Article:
Please click the link for a Vimeo video of one man’s harrowing encounter with delirium. It is an absolutely superbly done document of this medical emergency, and one cannot help being moved by it. If you’ve explored my blog site and found this extraordinary teaching video of this first person account by an unfortunate man who suffered delirium, you’ve found just one resource on the European Delirium Association web site. There is a plethora of educational background and tools for detecting and preventing delirium there.
This is probably the most compelling account of delirium experienced first hand by anyone that I’ve ever heard. I’m grateful to this man who courageously faced his trauma and was willing to share it with the rest of us. His story can be multiplied by thousands and it’s the reason for a collective effort around the world to learn as much as we can about delirium, and to prevent this medical emergency.
You can see why psychiatrists are called. A consulting psychiatrist helped reassure him that he was not going crazy and put the delirium into perspective for him, connecting it to his episode of sepsis, or blood infection, a frequent cause of delirium that I see almost every day in the general hospital and on the Medical-Psychiatry Unit.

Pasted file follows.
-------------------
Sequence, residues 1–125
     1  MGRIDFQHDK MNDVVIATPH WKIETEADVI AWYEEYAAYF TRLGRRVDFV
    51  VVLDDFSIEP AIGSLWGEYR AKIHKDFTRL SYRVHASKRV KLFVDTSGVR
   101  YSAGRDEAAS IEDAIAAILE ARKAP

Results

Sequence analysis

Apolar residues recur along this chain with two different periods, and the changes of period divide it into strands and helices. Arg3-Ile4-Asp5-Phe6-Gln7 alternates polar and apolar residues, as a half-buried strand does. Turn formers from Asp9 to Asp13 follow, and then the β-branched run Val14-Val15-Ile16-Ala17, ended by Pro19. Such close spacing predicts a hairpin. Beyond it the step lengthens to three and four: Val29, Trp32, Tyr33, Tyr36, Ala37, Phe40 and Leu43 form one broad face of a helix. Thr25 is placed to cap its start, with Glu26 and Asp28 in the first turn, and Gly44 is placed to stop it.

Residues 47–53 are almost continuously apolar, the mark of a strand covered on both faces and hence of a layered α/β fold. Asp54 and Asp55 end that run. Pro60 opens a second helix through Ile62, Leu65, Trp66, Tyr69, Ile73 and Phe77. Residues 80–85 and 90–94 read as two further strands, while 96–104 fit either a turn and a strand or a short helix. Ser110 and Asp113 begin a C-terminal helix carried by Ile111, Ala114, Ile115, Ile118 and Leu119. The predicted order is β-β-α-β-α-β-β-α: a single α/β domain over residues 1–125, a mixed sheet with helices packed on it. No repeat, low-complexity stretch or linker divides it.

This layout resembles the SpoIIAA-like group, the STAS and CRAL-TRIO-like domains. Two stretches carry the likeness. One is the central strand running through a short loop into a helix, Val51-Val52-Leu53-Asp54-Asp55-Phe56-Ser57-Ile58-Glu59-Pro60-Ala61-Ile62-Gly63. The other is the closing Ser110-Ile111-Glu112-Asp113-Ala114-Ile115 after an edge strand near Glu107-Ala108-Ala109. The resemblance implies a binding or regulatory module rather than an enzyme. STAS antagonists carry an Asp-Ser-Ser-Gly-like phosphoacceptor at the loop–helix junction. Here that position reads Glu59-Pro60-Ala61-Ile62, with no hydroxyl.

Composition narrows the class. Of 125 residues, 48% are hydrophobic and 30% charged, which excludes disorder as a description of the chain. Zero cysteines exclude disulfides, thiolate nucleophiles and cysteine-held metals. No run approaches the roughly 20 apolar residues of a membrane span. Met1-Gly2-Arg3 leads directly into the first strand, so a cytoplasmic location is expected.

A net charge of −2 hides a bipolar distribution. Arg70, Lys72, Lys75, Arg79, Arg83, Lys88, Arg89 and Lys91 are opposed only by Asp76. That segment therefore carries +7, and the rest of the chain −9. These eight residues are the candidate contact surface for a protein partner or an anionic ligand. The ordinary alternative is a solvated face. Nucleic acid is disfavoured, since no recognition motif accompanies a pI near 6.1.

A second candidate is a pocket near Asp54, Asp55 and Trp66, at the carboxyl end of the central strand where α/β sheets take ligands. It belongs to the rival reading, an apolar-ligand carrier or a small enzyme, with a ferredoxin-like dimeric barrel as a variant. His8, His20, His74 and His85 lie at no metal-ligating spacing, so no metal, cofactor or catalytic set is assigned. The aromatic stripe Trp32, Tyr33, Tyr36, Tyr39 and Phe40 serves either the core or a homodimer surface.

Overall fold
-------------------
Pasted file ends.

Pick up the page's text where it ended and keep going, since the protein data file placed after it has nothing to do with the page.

This man’s story is the best way to explain to the world at large why there is an urgent need for more research on delirium and for all stakeholders to view it as a critical safety issue in hospitals and other care facilities. What policy makers, patients and families, doctors and nurses, and other health care professionals need to know is that research has already shown that delirium can be a preventable complication in the hospitalized medically ill patient.